For the sake of climate science, I truly hope the inquiry gets to the bottom of this issue.

3 Comments

  1. David H says:

    They need to come clean and open-source the code they use to supply estimates of missing data. There are many thousands of software developers and data scientists around the world who could analyze the code in a fairly objective manner, to see if they are following acceptable standards or using defensible algorithms.

  2. Francesco says:

    Hello,
    I have a question: given the interrelation between space and time postulated by the theory of relativity, how do we square off a big universe with little time (hundreds of thousands of years old)?
    Thank you

    1. jlwile says:

      Thanks for the question, Francesco. Relativity actually explains why we can see a big universe from an earth that is only thousands of years old. General relativity tells us that time doesn’t tick at the same rate in different parts of the universe. Instead, the rate at which time ticks depends on the local gravitational fields. In large gravitational fields, time ticks slowly, while in low gravitational fields, time ticks more quickly. If you believe in the cosmological principle (which seems to be violated on all scales), then you say that on average, the gravitational fields are essentially the same everywhere, so on average, time ticks smoothly throughout the universe. Thus, if we see light from a star that is 500 million light years away, it took roughly 500 million earth years for the light to get to us.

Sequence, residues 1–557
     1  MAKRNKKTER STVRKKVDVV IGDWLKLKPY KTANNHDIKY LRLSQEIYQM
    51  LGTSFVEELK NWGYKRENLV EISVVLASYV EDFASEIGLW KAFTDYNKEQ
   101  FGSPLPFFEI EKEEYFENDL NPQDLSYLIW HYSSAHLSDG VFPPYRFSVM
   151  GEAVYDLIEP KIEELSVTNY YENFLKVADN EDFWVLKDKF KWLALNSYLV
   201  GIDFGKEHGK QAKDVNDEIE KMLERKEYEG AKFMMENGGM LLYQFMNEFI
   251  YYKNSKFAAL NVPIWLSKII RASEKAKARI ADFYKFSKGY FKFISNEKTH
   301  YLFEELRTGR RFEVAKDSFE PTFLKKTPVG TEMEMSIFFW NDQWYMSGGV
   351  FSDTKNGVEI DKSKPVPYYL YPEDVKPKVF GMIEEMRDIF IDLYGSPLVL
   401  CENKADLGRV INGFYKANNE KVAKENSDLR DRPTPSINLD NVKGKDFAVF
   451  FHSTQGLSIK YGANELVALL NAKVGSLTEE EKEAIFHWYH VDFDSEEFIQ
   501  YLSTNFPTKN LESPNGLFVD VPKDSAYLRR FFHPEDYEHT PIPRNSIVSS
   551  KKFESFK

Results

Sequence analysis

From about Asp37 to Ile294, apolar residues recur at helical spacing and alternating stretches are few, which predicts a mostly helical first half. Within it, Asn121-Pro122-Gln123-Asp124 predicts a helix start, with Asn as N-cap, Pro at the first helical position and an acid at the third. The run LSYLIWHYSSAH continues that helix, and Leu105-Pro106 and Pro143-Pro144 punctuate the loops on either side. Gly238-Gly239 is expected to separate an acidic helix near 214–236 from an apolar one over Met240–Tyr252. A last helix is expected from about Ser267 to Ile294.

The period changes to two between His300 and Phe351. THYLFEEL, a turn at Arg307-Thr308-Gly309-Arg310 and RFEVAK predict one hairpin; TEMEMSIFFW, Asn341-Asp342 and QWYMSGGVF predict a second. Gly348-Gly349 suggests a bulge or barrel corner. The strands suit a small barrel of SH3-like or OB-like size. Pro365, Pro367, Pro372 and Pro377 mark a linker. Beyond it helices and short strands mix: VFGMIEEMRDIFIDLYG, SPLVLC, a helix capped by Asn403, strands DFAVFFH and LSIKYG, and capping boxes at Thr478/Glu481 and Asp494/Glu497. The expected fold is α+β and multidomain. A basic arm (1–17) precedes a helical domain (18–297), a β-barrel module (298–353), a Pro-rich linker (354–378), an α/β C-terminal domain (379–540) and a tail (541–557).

However, if you take a more reasonable view of the universe, you have to come up with some sort of model that explains how gravitational fields vary throughout the universe. For example, if we assume the universe’s expansion is spherical (which is not what the big bang assumes – it assumes no geometry to the universe’s expansion), you will find that time ticks very slowly near the origin of the expansion and very quickly near the edges. Thus, if earth is near the origin of the expansion, thousands of earth years correspond to billions of years near the universe’s edge. A general explanation of this can be found here. That idea has been picked up by a creationist cosmologist and expanded.